1 Answer | Add Yours
I think crucially the way to answer this question is to look at how Thorin changes when the company reach the mountain and when they gain the treasure. He becomes completely consumed by his greed of the treasure, not willing to part with any of it. He is willing to engage in a battle against impossible odds agains former allies (men and elves) to protect his treasure, even though he himself did not kill Smaug. He does not recognise that Bard might have some claim because it was he who killed Smaug. Also, he refuses to recognise that Smaug had added to the treasure of the dwarves from other sources, such as the men. Consider what the text says about this gold greed:
But also he did not reckon with the power that gold has upon which a dragon has long brooded, nor with dwarvish hearts. Long hours in the past days Thorin had spent in the treasury, and the lust of it was heavy on him. Though he had hunted chiefly for the Arkenstone, yet he had an eye for many another wonderful thing that was lying there, about which were wound old memories of the labours and sorrows of his race.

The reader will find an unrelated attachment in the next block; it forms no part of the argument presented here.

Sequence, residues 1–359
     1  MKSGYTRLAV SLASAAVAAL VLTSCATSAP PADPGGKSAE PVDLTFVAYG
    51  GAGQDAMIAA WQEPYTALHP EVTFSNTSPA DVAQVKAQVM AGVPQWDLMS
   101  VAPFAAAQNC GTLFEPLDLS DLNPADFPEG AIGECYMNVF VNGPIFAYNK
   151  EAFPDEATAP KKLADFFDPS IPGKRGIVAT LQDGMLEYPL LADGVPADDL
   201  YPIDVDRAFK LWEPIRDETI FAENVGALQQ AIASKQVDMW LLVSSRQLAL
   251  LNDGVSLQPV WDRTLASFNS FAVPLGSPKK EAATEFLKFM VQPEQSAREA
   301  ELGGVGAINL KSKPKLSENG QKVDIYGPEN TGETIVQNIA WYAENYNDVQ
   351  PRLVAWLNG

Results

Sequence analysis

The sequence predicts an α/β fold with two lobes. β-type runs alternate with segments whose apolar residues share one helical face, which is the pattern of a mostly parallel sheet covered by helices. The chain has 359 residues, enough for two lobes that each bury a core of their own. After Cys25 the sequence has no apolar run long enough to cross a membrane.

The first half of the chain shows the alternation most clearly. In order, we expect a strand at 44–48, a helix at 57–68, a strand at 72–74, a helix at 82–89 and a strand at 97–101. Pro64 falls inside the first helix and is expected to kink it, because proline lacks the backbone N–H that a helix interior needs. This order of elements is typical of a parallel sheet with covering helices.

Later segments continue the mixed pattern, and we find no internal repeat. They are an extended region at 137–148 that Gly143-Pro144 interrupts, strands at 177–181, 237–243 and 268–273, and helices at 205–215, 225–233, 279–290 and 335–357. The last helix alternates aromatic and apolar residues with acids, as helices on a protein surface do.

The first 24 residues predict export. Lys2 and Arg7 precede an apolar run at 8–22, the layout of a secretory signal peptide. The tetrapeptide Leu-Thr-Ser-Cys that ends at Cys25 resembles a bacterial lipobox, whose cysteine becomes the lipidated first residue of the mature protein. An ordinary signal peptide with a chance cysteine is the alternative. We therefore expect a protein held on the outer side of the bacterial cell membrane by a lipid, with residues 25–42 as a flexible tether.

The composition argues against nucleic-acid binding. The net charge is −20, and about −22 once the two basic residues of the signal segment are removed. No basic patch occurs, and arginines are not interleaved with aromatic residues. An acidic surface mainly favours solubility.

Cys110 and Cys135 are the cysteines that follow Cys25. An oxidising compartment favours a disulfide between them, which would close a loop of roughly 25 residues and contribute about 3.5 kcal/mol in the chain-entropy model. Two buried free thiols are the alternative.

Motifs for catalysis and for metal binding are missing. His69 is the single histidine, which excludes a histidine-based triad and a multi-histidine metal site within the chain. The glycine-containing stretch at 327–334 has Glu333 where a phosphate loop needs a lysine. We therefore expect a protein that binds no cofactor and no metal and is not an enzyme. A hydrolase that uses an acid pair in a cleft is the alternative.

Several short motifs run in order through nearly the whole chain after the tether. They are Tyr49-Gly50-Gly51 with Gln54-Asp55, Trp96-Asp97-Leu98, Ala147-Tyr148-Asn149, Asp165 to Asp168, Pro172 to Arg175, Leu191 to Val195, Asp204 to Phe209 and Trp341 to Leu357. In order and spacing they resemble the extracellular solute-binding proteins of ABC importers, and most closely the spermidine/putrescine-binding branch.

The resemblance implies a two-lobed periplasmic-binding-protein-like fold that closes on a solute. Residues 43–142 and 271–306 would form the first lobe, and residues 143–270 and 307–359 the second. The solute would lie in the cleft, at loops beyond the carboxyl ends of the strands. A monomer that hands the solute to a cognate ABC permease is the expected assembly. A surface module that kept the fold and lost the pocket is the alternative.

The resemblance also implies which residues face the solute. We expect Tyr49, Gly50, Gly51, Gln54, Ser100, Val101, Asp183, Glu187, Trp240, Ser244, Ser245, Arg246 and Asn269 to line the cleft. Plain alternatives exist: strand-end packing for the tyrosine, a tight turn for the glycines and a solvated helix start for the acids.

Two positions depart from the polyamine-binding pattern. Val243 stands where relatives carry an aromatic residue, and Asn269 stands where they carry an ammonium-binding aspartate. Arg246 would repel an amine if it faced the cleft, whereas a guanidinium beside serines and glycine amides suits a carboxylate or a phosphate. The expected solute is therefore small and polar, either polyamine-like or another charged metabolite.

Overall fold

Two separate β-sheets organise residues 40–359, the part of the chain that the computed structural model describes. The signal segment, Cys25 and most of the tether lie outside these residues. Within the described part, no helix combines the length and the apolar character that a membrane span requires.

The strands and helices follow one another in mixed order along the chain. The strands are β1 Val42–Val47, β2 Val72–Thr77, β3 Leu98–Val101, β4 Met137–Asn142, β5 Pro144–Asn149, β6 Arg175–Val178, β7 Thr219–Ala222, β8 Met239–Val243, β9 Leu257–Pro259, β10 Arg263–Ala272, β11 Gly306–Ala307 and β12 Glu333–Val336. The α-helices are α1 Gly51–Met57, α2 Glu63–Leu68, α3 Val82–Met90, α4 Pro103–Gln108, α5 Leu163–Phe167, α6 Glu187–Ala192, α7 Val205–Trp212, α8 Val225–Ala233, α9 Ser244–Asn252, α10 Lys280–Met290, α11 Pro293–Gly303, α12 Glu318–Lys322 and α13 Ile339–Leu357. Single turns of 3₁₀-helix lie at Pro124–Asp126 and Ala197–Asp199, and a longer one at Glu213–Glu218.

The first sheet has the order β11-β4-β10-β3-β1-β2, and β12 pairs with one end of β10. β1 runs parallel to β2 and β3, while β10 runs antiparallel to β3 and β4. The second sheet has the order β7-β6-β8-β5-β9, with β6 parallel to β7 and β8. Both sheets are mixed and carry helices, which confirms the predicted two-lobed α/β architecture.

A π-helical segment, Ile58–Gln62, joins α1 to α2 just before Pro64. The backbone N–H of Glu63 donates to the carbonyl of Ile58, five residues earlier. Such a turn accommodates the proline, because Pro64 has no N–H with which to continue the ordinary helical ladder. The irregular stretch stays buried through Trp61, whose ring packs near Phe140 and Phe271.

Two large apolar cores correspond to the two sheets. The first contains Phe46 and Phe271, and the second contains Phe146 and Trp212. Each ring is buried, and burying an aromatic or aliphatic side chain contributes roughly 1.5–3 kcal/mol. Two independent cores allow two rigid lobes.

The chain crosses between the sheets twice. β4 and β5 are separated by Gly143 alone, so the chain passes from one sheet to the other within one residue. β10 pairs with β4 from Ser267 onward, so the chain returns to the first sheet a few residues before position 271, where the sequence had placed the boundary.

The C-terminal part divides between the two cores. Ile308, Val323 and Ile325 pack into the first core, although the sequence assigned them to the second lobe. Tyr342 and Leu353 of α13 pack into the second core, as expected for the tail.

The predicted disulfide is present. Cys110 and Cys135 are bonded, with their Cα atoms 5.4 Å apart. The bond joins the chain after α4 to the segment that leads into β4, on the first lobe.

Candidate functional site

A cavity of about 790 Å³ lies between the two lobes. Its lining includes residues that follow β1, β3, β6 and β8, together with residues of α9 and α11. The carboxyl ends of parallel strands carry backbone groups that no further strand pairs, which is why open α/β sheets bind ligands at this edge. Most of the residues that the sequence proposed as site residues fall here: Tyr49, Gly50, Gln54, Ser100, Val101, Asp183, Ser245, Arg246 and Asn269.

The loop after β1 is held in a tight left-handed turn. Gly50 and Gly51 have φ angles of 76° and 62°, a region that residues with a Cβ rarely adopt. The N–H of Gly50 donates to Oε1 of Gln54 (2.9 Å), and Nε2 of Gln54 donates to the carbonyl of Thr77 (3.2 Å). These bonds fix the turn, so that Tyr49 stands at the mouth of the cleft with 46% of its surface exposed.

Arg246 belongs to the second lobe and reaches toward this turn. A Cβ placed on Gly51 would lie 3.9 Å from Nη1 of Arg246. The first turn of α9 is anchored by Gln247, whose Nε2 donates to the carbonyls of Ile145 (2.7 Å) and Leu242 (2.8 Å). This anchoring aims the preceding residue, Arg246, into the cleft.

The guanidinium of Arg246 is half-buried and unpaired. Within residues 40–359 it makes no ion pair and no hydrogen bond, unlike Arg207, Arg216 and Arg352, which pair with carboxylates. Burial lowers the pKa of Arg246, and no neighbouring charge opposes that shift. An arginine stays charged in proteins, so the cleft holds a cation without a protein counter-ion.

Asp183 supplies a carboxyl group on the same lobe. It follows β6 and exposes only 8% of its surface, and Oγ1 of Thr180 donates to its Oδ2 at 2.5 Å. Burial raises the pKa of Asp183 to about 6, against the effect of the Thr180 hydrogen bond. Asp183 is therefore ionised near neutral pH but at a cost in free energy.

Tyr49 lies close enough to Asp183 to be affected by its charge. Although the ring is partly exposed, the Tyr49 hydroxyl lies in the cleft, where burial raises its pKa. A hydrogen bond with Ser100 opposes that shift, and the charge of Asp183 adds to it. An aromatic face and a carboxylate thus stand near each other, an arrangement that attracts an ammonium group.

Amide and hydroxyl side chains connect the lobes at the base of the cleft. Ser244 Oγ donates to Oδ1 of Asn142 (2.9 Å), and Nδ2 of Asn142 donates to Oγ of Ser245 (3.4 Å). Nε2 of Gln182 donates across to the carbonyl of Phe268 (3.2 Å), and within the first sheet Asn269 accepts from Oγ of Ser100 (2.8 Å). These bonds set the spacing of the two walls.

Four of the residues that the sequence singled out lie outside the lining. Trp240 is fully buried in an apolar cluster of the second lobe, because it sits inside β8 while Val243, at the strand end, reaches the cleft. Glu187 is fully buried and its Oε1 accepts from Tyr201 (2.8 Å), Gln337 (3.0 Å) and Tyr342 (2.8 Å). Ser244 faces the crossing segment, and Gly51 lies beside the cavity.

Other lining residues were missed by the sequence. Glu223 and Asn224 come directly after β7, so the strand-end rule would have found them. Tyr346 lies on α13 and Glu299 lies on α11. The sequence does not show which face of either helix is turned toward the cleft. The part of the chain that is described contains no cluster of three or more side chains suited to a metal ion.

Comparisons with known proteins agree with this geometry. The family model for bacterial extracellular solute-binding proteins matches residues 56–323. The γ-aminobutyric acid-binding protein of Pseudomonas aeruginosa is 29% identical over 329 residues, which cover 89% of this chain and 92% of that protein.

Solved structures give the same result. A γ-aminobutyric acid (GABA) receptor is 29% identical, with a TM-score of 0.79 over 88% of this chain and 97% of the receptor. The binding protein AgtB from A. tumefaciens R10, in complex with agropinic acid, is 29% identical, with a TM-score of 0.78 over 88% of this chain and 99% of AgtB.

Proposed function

Thus, Thorin becomes blinded by greed which leads him to make irrational and illogical decisions, willing to court violence instead of peace as a means of keeping hold of treasure - some of which, at least, he does not actually have a claim on. Gold greed seems to weaken Thorin's heroic character, making him seem petty and selfish.
We’ve answered 318,929 questions. We can answer yours, too.Ask a question